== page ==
Healthy lifestyle changes such as reducing environmental toxin exposure, adopting a nutritious diet, beginning a moderate exercise program, reducing alcohol intake, and smoking cessation should all be recommended if you and your partner are struggling with infertility.

Other causes of male infertility

Additional causes of male infertility are broad. Any medication, tumor, disease, or disorder that impacts the glands that secrete sex hormones can alter male fertility. Age is also an important factor. A few examples are explained below.

  • Medications. Many medications can alter male fertility, but the most common are antidepressants, anti-inflammatories, chemotherapy medication, and hormone replacements.
  • Structural disorders. Any structural defect or obstruction of the male urogenital system, including the epididymis, vas deferens, or testes.
  • Klinefelter syndrome. Men with this genetic mutation have an XXY chromosome instead of the normal XY chromosome. These men are generally infertile with hypogonadism — too little or no sex hormone production. Many are not diagnosed until adulthood.
  • Undescended testes. This condition is generally repaired at a young age, but an undescended teste/s is sometimes indicative of a testicular defect. Men with a history of undescended teste/s have poorer quality sperm.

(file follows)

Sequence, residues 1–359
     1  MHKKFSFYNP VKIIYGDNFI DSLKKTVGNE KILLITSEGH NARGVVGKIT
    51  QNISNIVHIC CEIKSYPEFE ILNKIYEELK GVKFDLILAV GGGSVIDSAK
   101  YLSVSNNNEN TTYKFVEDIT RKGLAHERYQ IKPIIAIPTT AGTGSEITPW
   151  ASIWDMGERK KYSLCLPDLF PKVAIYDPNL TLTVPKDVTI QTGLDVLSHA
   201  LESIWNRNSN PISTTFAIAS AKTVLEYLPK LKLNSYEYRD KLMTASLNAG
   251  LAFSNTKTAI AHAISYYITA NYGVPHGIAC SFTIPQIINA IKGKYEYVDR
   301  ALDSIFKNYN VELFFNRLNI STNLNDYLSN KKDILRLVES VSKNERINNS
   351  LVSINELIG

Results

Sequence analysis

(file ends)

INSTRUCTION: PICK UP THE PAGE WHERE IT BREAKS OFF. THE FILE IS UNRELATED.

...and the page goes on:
• Viral mumps orchitis. Recently, the reduction in receiving the MMR vaccine has led to more mumps infections. About 25% of males infected with mumps may suffer some degree of infertility due to damage to the seminiferous tubules — the birthplace of sperm.
  • Age. Age decreases the concentration and efficient motility of sperm. For example, a study showed that 90% of seminiferous tubules contained sperm in 20-to-30-year old’s while only 50% contained sperm in 40-to-50-year olds. Sperm motility and structure also decreased among these age categories.

Artificial reproductive technology (ART) such as IVF may be necessary to achieve pregnancy in these and similar disorders and diseases.

When to seek help?

Clinically, infertility is the inability to conceive a baby within 12 months with unprotected and frequent intercourse. From the male perspective, successful conception begins with healthy sperm that have found their way from the vagina through the cervix and can make the journey up the fallopian tube to an awaiting female egg. Infertility testing will target this conception pathway.

A physician will perform a general physical exam, including an examination of the genitals and a health history. Questions concerning lifestyle choices, certain risk factors, and sexual history, current and past, may also be discussed. Specific fertility tests may include:

  • Semen testing. A lab will provide an analysis of your sperm that has evaluated the total sperm count, the structure of the sperm, and how they move. Semen testing is the simplest and most valuable test.
  • Hormonal testing. This blood test will evaluate your testosterone and other male hormone levels.
  • Genetic testing. Occasionally, genetic defects can cause infertility.
  • Imaging and biopsy. Sometimes an MRI, ultrasound, and even biopsy can help determine if there are any structural defects of the reproductive organs that may be causing infertility.

Unfortunately, even with these statistics and risk factors, 40% of male infertility is ultimately considered idiopathic, meaning the cause is unknown. Regardless, it is crucial to evaluate all risk factors and perform testing to see if any reason can be identified.